A Postcard from Ilfracombe

Greetings from lockdown guys!  I was thinking about calling this one “all locked up and no place to go” but I suppose exceptional circumstances aren’t quite enough to let my pun-standards slip that low.

Now, I was on my way to merry old England when I last wrote on the blog and so much has happened that I don’t even know where to start.  I took a punt on an exciting job offer that ended up taking me, the dog and James to North Devon and we’re currently happily settled in Ilfracombe.  I suppose this is the opposite of those “ready to quit the rat race and start living”-type of deals you often read about, but you won’t catch me complaining.  Sure, I do miss France a lot, but at the same time, that dodgy roof at chez nous isn’t going to fix itself and having a salary package sure helps.

Chez Nous N°21 is a blog about life in France, so I try not to diverge too far by saying I do find myself falling for Ilfracombe a bit.  For those of you who don’t know, it’s a small seaside resort surrounded by cliffs and plenty of picturesque Devon countryside.  It carries its history of fishing, smuggling and Victorian seaside frolics well, although none of the local industries, tourism included, are quite what they used to be.  In that regard, it resembles Mazamet: a low income area in a lovely part of the world.  Whereas Mazamet generated its wealth in the factories nestled at the foot of the Montagne Noire and attracted the easy living socialites in the 1920 and 30’s, Ilfracombe was the place to be for the Victorian middle class.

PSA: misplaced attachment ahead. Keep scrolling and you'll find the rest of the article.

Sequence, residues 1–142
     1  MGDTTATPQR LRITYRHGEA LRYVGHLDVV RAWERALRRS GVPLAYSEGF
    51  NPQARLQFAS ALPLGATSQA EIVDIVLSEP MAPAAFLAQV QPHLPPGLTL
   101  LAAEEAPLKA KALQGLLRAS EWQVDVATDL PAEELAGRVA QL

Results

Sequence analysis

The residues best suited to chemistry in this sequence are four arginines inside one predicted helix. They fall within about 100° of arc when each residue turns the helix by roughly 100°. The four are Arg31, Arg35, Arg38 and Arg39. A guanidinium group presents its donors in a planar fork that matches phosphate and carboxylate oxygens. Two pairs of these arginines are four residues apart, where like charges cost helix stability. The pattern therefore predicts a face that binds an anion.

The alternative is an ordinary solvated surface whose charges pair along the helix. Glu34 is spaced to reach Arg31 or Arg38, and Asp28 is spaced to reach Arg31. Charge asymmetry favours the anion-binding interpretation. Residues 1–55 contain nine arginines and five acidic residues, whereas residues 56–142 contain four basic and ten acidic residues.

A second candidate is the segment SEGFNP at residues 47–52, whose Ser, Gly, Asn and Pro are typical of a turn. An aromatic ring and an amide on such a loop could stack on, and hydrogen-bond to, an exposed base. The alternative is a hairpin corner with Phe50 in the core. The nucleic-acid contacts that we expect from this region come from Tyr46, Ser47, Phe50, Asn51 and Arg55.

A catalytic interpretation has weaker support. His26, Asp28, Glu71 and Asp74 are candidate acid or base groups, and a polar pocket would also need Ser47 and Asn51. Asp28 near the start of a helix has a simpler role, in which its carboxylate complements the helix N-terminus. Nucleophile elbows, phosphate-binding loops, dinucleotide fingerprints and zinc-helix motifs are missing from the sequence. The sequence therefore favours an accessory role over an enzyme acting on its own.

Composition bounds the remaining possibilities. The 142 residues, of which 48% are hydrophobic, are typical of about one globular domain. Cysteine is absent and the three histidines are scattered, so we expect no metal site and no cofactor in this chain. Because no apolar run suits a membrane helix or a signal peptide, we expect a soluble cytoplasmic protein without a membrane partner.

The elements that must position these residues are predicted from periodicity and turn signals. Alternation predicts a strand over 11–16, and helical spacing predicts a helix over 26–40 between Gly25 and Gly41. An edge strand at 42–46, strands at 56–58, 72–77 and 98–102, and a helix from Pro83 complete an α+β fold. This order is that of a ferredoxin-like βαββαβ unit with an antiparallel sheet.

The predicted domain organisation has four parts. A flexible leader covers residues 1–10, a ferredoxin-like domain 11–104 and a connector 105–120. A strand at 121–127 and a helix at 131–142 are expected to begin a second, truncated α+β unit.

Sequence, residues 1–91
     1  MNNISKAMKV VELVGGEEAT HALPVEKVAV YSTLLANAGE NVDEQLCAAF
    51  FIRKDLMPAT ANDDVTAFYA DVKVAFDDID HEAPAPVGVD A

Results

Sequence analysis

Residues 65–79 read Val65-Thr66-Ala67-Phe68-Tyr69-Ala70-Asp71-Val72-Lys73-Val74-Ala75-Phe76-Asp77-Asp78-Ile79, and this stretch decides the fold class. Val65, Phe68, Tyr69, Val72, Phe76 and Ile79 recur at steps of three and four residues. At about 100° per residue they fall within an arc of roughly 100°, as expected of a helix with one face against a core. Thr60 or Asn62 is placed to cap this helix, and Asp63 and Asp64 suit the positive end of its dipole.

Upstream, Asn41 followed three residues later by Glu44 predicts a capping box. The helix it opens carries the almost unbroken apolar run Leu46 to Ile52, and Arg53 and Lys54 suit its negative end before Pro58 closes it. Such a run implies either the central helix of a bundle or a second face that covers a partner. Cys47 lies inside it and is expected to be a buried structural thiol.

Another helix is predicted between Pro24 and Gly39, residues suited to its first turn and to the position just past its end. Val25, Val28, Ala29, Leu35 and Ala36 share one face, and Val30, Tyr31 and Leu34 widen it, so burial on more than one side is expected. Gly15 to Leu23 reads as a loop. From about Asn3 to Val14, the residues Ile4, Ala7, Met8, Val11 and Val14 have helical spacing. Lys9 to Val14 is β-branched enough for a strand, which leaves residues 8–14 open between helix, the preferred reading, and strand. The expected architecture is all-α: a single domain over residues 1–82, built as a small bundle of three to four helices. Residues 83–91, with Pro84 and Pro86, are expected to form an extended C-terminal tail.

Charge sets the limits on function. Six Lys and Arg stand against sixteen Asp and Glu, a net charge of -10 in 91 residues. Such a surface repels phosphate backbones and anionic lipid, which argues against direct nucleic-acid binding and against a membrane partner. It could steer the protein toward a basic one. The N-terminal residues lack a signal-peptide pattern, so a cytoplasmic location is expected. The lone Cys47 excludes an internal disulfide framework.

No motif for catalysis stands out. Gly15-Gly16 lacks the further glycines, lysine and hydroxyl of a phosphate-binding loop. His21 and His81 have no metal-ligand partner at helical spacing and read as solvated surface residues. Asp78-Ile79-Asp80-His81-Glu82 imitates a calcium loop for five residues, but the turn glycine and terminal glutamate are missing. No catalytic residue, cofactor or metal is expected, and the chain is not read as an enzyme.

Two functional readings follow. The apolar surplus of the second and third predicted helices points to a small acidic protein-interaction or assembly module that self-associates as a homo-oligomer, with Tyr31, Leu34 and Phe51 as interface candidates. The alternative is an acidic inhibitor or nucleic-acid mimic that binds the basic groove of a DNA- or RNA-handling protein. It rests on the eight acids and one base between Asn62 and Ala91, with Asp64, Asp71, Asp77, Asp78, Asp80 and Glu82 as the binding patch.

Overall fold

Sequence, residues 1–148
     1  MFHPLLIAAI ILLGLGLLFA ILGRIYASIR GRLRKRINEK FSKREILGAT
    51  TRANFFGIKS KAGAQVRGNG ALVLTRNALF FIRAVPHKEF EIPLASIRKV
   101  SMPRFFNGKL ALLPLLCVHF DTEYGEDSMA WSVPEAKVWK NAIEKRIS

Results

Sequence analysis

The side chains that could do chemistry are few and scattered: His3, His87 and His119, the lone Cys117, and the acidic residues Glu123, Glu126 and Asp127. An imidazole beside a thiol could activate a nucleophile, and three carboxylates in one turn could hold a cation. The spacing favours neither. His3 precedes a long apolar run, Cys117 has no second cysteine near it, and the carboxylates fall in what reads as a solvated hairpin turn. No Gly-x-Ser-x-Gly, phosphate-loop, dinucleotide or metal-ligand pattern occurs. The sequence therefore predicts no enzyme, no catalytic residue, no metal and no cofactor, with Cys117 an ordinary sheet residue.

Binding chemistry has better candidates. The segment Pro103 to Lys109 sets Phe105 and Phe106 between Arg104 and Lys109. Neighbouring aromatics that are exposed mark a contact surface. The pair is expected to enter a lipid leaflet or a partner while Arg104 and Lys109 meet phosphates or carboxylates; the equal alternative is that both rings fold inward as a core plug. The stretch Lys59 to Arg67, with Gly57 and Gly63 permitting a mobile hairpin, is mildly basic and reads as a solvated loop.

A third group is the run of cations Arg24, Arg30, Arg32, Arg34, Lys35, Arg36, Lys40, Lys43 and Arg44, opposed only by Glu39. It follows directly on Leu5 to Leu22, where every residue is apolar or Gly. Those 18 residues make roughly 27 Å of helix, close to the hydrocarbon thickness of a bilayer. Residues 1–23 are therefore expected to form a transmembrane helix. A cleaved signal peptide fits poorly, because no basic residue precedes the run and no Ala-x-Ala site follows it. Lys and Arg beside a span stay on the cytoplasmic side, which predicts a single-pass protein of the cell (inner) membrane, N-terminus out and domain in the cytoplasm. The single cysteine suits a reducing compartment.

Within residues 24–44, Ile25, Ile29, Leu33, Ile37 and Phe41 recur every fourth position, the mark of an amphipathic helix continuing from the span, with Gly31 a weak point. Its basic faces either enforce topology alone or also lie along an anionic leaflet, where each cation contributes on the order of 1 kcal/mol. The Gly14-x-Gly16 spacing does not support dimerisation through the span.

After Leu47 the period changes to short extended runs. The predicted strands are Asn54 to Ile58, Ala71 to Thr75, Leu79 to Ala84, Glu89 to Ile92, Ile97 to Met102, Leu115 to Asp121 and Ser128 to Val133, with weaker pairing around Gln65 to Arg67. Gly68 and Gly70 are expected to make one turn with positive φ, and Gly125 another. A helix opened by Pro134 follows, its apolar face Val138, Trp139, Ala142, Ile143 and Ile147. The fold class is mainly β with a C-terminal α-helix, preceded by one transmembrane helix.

You can see this reflected in the local architecture: the splendid terraces overlooking Ilfracombe harbour are mostly Georgian, but the grandiose guest houses and villas high on the cliffs surrounding the town centre are largely Victorian in style and spirit.  My personal favourite are the dinky fishermen’s cottages tucked away towards the seafront with names like the “Smugglers hideaway” and “Stormy Seas Cottage”.  Our place is of the latter sort, a small cottage just off the High Street.  Both James and I fell in love with it instantly.  I adore the exposed timbers and slate floors, but there was one feature that really sealed the deal for us: a parking spot, worth its weight in gold in Ilfracombe.


Greetings from Devon

And we were able to fit Graeme the Grand Piano in – a whole novel’s worth of drama in itself, but maybe I’ll rant about it later.  I am getting much better at playing him, having graduated from easy Beatles towards Elgar for beginners.

I do hope you are keeping safe and well, locked down or not.

See you around,

Tiina x